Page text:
Let me start by saying that I have many blog posts going on in my head. I'm generally always writing, even if I'm not physically writing or typing something out. The problem is getting enough time to sit at my laptop to write them. There are three posts I want to write today: Ten Things I've Learned About Myself in the First Ten Weeks of Motherhood, a post about Derek Jeter's last season and how I'm handling that, and a post about Valentine's Day, which I started thinking of this morning. Seeing as today is Valentine's Day, I think it's best to go with the timely post. So look forward to Eleven Things I've Learned About Myself in the First Eleven Weeks of Motherhood and a post during spring training about Derek Jeter.
I've never really had a set opinion on Valentine's Day. On one hand, yes, there shouldn't be just one day that you're made to feel special and loved by whomever your Valentine may be. Love should be a 365-day thing. But on the other hand? It feels good to have a day where your love is recognized a little bit more than the other 364 days.
Everyone loves Valentine's Day in elementary school. I remember how much fun it was to go to the store and pick the pack of valentines that spoke to me. Would I be the only one with Doug-themed cards? (For some reason, this is the first pack that jumped to my mind, though other years were filled with My Little Pony, Disney princesses, and Care Bears.) What kind of cards would I get? There was a party in class. There was candy or cupcakes from the class mom (aka my mom) and bags that we decorated earlier in the week to place at the end of our desks for our valentines to be deposited in. But then middle school happened and puberty hit, and Valentine's Day came with expectations: without a boyfriend or girlfriend, you couldn't celebrate. You spent each class period hoping a secret admirer would send you a candy gram. For me that never happened. Admittedly, I felt like an ugly duckling during middle school, and the boys I had crushes on never returned my affections. Valentine's Day just reminded me of this.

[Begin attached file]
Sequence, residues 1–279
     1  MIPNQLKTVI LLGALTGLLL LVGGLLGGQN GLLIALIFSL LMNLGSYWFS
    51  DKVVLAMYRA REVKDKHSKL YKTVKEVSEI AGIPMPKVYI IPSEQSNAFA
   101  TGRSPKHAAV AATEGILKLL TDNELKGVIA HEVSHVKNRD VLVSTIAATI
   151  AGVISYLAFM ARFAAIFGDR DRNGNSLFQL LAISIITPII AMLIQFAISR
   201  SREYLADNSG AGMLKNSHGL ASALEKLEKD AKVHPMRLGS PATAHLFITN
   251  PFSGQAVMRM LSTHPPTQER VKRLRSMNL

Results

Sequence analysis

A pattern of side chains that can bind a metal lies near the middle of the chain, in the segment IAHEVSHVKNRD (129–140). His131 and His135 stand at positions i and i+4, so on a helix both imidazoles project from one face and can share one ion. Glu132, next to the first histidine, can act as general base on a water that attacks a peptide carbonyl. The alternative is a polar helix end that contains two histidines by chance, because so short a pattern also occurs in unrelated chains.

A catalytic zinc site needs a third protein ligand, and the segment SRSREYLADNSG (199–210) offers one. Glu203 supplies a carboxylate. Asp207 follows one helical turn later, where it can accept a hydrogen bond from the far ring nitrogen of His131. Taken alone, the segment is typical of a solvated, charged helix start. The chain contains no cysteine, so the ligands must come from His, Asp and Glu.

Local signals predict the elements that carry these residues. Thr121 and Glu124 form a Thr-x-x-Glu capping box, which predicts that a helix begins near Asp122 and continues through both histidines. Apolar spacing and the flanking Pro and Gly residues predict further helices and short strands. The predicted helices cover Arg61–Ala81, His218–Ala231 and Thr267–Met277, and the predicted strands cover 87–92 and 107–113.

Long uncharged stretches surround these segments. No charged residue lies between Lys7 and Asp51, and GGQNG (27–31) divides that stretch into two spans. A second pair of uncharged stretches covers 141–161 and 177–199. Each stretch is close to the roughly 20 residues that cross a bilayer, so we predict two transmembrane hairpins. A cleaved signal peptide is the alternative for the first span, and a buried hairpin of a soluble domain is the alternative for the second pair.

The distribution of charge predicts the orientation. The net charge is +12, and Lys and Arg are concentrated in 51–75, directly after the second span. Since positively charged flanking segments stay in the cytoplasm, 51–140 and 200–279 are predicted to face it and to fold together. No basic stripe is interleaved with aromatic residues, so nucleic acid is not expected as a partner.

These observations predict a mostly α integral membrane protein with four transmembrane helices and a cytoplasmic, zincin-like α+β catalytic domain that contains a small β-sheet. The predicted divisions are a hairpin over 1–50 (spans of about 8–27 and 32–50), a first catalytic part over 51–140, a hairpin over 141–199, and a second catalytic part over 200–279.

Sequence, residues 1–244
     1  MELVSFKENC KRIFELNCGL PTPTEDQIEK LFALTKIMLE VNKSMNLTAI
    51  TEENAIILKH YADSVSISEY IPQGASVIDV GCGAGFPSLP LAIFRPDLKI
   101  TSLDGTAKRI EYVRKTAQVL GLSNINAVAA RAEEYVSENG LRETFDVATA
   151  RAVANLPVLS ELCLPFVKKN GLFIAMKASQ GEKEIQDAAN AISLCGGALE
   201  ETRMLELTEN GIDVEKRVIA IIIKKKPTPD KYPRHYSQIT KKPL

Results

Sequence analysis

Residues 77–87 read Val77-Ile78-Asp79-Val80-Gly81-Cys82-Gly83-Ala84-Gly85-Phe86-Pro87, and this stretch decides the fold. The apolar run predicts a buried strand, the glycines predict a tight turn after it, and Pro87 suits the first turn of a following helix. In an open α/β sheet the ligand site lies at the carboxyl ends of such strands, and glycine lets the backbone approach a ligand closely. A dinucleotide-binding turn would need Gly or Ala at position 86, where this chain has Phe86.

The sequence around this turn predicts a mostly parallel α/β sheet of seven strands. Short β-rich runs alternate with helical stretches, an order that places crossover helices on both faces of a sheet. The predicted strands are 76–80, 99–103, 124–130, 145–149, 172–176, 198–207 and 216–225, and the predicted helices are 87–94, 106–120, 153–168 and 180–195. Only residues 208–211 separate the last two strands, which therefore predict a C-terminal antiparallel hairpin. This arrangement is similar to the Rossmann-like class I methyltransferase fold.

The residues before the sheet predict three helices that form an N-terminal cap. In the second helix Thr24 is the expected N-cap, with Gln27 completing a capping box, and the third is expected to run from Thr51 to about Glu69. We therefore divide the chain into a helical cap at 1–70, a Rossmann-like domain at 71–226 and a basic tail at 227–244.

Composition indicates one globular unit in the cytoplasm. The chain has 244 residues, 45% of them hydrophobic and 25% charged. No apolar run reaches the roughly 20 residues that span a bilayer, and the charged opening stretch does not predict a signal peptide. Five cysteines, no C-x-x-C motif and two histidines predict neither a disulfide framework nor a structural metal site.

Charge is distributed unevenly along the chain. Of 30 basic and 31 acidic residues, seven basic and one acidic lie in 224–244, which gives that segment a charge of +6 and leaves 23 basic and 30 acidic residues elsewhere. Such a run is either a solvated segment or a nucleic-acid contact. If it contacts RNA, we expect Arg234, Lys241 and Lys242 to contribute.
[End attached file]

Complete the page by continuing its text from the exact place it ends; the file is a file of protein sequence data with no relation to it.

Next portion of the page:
But that didn't mean I didn't have a valentine.
Here's what else I remember about Valentine's Day post elementary school: my dad. Each year he picked out three boxes of See's Candies: one for my mom, one for my sister, and one for me. There was always a card. There's still always a card. Despite wanting to not put too much weight on Valentine's Day, I remember feeling so special when I saw that card and box of chocolates from my dad.
Last night I told Mike I didn't do anything for Valentine's Day. I felt bad about it--I'm usually very good about getting a card at the very least. But after being in Ohio, battling a cold, and the snowstorm keeping us in yesterday, today just kind of snuck up on me, and I didn't make it to the store (and the sidewalks are too slushy/icy to go out today with R). Despite my forgetfulness, Mike still made me feel special. This morning the doorbell rang. When I answered the door, there were flowers from him. And I had this moment as I took the flowers in one hand, holding R in the other: What will be R's tradition with her dad? I have no doubt he'll make her feel special 365 days a year--I can already see R wrapping him around her pinkie. Will R feel like an ugly duckling during those dreaded teenage years? Will she find as much comfort in her dad telling her she's beautiful? (Will she tell him he's only saying that because he's her dad?) Will a Valentine's Day box of chocolates, or a bouquet of flowers, or whatever their tradition may be make her heart smile knowing that whatever her relationship status there's always one man who will be her valentine? It's pretty awesome to think about.
If you love it/celebrate Valentine's Day: Happy Valentine's Day to you.
If you hate it: Happy February 14, just one day out of 365 that you are loved.
And whether you love it, hate it, or are indifferent to Valentine's Day: Go get some chocolate. Because today is a day to indulge and love yourself; no one's judging.